“Where else in the world can you see such a thing?” Harpaz asked rhetorically.
Idan said that while anti-Semitism was prevalent in the more Slavic parts of the Soviet Union, Jewish life in the southern Caucasus countries—mainly Azerbaijan and Georgia, where there were large Jewish communities—“was even during Soviet times a completely different reality.” People like Aliyev, the current president, grew up having very positive relations with Jews.
“Aliyev often cites his Jewish teachers as having a very formative influence on him,” Idan said.
“We are proud of [our] centuries-old traditions on inclusiveness,” said Talibov. “Azerbaijan and Israel are friendly countries, and Jewish citizens of Azerbaijan are proud citizens of our nation. We see this as very normal.”
In Israel, meanwhile, there is a large community of Jewish immigrants from Azerbaijan, who made aliyah from the 1970s through the early 1990s, at the time of the Soviet Union’s collapse.
Idan noted that at the government level, Azerbaijan was one of the only Muslim-majority nations that did not publicly criticize Israel during the recent Gaza war, despite pressure to do so from other Muslim countries and from some Azeris who called for an embargo on oil sales to the Jewish state. Azerbaijan supplies 40 percent of Israel’s oil through the Baku-Tbilisi-Ceyhan Pipeline.
“Israel doesn’t have experience in the field of energy [in areas like drilling, exporting, and financing]. We just recently discovered natural gas, [and] we don’t have many energy engineers,” said Harpaz, meaning Israel learns about those disciplines from Azerbaijan.
Israel, in turn, has greater experience than Azerbaijan in fields such as trade, telecommunications, cyber-technology, agriculture, medicine, and tourism.
“We are willing to share [expertise] with our friends the Azeris,” Harpaz said. “There is a lot of activity by Israeli companies [in Azerbaijan].”
In early December, during the BakuTel-2014 20th Azerbaijan International Telecommunications and Information Technologies Exhibition, President Aliyev himself visited the national pavilion of Israel. Fourteen Israeli companies participated in the exhibition.
Israeli cultural delegations, from groups like the Jerusalem Symphony Orchestra, have also visited Azerbaijan. Currently, the Azeri national airline Azal flies twice a week between Baku and Tel Aviv. Azal did not stop flights to Israel during this summer’s Gaza war, even when other airlines—including American carriers—temporarily did so.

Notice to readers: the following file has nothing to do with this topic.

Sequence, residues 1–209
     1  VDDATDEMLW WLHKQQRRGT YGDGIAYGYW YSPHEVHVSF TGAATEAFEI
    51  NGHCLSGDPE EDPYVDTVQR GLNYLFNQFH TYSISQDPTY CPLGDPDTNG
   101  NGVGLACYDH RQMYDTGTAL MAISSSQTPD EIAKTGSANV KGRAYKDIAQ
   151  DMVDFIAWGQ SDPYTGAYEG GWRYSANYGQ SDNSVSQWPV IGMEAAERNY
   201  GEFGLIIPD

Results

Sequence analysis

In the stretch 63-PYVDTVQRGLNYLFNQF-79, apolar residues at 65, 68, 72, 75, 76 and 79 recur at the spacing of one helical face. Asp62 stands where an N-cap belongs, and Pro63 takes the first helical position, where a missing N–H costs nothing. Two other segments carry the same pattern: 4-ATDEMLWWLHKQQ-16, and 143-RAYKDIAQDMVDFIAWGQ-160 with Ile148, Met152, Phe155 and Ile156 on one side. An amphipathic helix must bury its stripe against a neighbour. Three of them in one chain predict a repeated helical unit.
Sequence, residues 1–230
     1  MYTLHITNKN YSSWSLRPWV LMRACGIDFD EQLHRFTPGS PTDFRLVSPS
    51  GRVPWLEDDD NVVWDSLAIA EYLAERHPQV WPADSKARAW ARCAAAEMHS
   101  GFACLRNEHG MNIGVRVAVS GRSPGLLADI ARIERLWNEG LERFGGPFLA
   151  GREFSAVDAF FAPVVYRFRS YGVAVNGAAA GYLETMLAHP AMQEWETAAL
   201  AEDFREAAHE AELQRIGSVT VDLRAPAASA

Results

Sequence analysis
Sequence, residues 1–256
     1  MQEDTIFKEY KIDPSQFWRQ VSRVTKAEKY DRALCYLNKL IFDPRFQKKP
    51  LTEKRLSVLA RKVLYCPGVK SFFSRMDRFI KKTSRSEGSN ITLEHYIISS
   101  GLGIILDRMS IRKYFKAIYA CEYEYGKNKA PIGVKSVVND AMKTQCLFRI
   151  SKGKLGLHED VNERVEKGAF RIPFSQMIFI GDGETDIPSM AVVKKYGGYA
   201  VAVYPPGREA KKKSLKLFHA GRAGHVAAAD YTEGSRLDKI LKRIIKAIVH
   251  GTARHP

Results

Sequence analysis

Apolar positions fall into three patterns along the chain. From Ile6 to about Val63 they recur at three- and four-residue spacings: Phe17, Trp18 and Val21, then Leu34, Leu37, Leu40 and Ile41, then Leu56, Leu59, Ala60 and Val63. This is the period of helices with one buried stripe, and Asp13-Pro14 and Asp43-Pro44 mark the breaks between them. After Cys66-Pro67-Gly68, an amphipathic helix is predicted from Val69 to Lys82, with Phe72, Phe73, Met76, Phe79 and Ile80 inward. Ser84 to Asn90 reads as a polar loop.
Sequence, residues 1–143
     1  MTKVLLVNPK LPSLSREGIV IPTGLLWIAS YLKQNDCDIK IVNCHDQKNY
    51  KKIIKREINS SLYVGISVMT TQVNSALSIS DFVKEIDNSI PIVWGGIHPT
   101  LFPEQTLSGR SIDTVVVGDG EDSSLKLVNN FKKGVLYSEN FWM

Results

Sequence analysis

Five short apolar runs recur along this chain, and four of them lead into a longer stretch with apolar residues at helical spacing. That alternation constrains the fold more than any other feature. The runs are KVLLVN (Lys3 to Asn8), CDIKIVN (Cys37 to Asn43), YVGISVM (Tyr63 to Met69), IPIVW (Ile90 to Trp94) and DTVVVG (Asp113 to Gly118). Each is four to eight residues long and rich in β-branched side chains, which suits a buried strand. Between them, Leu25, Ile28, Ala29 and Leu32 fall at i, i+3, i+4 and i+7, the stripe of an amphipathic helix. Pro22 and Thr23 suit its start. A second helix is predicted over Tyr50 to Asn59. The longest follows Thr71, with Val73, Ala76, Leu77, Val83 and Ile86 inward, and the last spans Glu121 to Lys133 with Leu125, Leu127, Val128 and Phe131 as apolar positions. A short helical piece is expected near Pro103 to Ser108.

Aliyev’s positive attitude about Israel was also evident back in 2009, when then Turkish Prime Minister (and now president) Recep Tayyip Erdogan publicly chastised Israel’s president, Peres, during a panel at the World Economic Forum in Switzerland.
“When it comes to killing, you (Israel) know well how to kill people,” Erdogan said at the time. What was not publicized, according to Idan, is the fact that immediately after the encounter between Peres and Erdogan, there was a private meeting scheduled between Peres and Aliyev. But after Erdogan’s comments, Aliyev “decided to open his meeting [with Peres] to the media and he made an effort to clearly show his support for Peres and Israel,” said Idan.
Yet Aliyev is not a controversy-free figure. Allegations of financial and electoral corruption have long been associated with his government. Most recently, the Azeri government ordered the arrest of journalist Khadija Ismayilova, who is known for reporting on corruption in Azerbaijan. Many viewed her arrest to be politically motivated.
“Broadly speaking, we are deeply troubled by restrictions on civil society activities, including on journalists in Azerbaijan, and are increasingly concerned that the government there is not living up to its international commitments and obligations,” said U.S. State Department spokeswoman Marie Harf.
Jewish leaders Hoenlein and Harris both took issue with sentiments that internal developments in Azerbaijan should affect Israel’s relationship with the country.
“Countries that have demonstrated friendship to their Jewish communities—even though their records on human rights issues and other things are not perfect, and we know that—we have to try to encourage them to change, but at the same time to recognize the progress that has been made and the importance of the relationship with them,” Hoenlein said.
“Full democracy and transparency can take decades to develop,” said Harris. “And if these were the sole litmus tests for foreign relations, then both the U.S. and Israel would have far fewer partners.”
Despite its warm relationship with Israel, Azerbaijan does not yet have an embassy in the Jewish state. Talibov called this a “technical issue,” saying his country is “working with the Israeli side on the matter.”
Idan said that the lack of an Azeri embassy in Israel may stem from Azerbaijan’s fear of backlash from Iran and other Muslim-majority nations. Yet the case of Azerbaijan proves that “having an embassy is not a condition for the advancement of relations between nations,” he said.
“[Azerbaijan] is a fairly rare example of a Muslim country on the one hand, and on the other hand a country that has such a close relationship with a country like Israel,” said Idan.